The truth of the past month is that a long-brewing crisis of our politics has finally erupted. It is not my job to pick over the reasons underpinning the Brexit vote; the British people have spoken, and their decision must be implemented in as coherent and orderly a fashion as possible.
Looking at the voting numbers which so painfully demonstrated the reality of a divided country, I was reminded of a piece I wrote a couple years ago on the potential role of cities and devolution in uniting the country. The Key Cities Group was created to advocate for increased powers to cities – not so that cities can go it alone, but because we believed that by empowering individual cities, you can create strong communities and thus build a better Britain. Indeed, I still believe that with greater powers to cities, we can have a more vibrant and united country, with prosperity more evenly spread.
Underlining this train of thought, IPPR North recently published an excellent report – City systems: The role of small and medium-sized towns and cities in growing the northern powerhouse – which highlights how cities like our members are critical to this effort. It serves as a reminder that we cannot let the political drama of the referendum fall-out and ensuing soap opera distract us from the good work we have embarked upon to spread economic development throughout the country through the devolution process.
The IPPR report provides a warning against adopting a uniform approach to devolution, on the assumption that only one kind of city can prove successful in a global economy. Instead, the report encourages us to view the success of different cities, not as some natural phenomenon in urban development, but as the product of deliberate public policy decisions.
London, for instance, was a shrinking city in decline for much of the 20th century – but its position in a new global economy, and new devolved powers unlocking huge investment in infrastructure, have seen it become a world success. Manchester has witnessed a remarkable renaissance in the last 20 years to become the centre of growth in northern England. We have to take the same attitude toward our mid-sized cities.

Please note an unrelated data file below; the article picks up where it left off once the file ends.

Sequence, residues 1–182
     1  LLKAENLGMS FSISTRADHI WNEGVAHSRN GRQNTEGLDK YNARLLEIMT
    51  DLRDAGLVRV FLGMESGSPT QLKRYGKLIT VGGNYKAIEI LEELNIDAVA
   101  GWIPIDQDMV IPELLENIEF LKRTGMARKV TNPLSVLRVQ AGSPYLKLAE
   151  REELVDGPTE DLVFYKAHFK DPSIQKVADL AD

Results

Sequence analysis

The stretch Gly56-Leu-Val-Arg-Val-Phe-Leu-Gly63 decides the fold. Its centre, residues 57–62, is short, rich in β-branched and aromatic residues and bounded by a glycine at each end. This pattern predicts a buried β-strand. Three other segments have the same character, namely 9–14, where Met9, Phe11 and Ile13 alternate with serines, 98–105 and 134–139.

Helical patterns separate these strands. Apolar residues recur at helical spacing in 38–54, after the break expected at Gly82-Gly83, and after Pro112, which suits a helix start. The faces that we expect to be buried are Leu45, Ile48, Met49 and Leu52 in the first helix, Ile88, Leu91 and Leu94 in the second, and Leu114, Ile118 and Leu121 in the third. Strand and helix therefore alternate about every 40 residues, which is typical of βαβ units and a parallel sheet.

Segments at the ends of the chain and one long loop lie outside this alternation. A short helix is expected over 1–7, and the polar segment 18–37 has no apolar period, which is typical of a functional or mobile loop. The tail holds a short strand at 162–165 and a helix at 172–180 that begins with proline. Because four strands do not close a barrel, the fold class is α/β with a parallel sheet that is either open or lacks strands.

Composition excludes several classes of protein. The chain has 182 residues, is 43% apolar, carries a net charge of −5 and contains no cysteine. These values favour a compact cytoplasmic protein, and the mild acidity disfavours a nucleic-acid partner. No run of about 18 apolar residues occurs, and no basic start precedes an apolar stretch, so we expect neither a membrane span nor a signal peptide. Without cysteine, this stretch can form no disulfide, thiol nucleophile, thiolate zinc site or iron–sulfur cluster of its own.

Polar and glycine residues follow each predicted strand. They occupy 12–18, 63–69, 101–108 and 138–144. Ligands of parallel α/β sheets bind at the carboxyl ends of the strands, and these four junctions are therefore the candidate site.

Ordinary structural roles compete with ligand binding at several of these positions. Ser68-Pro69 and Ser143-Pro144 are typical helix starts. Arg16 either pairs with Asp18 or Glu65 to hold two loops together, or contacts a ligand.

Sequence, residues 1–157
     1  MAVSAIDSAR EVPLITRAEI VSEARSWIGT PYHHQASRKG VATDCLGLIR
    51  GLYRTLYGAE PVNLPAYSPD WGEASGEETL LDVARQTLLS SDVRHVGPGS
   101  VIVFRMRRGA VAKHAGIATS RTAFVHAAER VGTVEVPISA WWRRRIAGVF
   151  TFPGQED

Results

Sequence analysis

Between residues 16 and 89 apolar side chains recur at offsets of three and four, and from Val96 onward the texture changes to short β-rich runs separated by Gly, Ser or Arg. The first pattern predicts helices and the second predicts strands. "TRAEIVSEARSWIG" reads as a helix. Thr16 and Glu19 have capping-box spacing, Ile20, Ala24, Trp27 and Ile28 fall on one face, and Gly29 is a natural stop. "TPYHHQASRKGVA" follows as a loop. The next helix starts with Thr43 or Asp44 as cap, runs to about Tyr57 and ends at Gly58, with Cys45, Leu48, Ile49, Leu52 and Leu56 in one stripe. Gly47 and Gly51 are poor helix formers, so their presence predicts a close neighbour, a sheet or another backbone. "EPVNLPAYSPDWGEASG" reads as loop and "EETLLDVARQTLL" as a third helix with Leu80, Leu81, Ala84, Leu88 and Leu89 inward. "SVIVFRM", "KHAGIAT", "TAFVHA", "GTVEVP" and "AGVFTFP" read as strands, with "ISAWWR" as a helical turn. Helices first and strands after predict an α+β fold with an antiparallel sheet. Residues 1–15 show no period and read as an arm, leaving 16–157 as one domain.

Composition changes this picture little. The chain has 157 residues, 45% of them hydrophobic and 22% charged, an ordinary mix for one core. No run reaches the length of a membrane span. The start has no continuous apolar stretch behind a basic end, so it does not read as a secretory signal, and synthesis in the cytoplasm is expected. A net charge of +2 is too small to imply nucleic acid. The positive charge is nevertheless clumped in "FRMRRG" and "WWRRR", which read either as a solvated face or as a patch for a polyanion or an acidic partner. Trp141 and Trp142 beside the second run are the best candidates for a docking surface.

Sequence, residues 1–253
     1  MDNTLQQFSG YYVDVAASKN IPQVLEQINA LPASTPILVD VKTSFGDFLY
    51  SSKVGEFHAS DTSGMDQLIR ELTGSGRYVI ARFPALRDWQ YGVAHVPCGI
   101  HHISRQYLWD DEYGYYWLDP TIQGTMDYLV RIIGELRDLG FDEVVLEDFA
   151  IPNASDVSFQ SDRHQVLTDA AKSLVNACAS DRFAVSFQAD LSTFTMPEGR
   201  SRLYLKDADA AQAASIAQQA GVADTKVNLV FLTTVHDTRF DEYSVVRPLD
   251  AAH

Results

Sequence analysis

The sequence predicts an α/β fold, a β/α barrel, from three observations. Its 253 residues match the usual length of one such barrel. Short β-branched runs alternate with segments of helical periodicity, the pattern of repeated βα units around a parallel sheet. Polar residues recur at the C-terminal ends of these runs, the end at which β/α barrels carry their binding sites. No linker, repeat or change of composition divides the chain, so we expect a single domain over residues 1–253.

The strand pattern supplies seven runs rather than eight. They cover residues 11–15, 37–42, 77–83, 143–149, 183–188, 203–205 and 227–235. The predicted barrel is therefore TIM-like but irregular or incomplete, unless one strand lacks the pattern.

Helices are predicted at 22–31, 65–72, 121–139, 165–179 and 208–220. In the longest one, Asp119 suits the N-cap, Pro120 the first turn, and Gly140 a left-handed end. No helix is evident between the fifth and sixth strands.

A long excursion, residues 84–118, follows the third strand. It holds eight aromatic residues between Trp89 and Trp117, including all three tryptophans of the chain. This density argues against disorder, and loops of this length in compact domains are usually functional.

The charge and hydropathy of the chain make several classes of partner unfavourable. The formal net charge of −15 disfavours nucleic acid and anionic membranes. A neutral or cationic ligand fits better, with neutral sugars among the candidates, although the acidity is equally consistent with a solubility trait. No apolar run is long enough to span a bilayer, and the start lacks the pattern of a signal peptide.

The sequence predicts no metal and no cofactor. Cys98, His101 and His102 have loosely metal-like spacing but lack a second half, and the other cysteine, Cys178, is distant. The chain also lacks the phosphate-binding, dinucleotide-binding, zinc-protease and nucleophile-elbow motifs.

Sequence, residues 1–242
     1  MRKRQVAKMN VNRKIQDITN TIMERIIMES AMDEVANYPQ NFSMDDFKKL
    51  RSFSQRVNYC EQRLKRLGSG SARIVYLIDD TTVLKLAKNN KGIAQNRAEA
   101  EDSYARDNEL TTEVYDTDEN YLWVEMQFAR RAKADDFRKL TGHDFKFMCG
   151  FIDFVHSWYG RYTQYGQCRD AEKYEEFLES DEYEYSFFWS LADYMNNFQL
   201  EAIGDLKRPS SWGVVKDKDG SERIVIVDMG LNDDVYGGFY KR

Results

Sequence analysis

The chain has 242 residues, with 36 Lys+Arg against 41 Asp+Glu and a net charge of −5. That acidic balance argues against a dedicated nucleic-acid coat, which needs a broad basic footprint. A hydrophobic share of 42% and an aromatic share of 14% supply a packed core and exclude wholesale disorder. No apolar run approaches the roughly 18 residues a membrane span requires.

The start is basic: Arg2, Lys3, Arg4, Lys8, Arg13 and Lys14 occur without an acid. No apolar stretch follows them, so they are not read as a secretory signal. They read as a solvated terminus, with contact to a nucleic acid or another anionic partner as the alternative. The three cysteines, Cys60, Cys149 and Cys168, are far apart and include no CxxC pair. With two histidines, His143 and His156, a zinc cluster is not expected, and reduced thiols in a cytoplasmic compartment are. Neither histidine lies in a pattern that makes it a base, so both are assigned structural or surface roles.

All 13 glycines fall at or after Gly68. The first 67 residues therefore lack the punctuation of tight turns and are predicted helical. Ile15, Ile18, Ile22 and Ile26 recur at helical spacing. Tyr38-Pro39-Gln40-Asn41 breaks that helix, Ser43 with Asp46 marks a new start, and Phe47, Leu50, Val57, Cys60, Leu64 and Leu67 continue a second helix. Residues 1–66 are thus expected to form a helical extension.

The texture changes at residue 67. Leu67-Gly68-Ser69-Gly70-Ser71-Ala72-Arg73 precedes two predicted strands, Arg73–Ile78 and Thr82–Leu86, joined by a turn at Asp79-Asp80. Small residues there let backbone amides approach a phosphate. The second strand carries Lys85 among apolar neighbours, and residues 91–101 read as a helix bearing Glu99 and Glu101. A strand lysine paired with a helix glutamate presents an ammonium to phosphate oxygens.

There is no reason, though, why they cannot also experience a remarkable turnaround. The IPPR report refers to several, interesting examples of how and where this has been achieved, and there are so many more mid-sized cities with huge potential. As the IPPR report emphasises, there is no correlation between population and productivity in the UK: indeed, as both IPPR and our own report with ResPublica last year demonstrated, mid-sized cities have seen their Gross Value Added (GVA) to the UK economy grow at the same rate as other cities since the recession almost 10 years ago. What we need is a change of mentality as much as anything else.
IPPR has recommended that Key Cities like ours invoke the entrepreneurial spirit, creativity, and energy of small & medium size enterprises (SMEs). IPPR has also recommended that we identify the role we play in wider urban ecosystems, both with larger cities, and with rural hinterlands who supply markets and workers. And it suggested that critically evaluate where our cities need more capacity and expertise at the local government level, if they are to play their part in shaping regional and national policy.
There is much merit in these suggestions, and they are worth pursuing. I would echo IPPR’s stress on the importance of connectivity – both between cities and between sectors, moving people, moving goods, and moving ideas which promote innovation.
We must cooperate with towns and districts around us, and with our partners in Core Cities to achieve our common vision. To do anything less is to accept that the reality of a divided Britain which we saw on 23 June will be here to stay.
Cllr Paul Watson is leader of Sunderland City Council and chair of the Key Cities group of 24 mid-sized cities.
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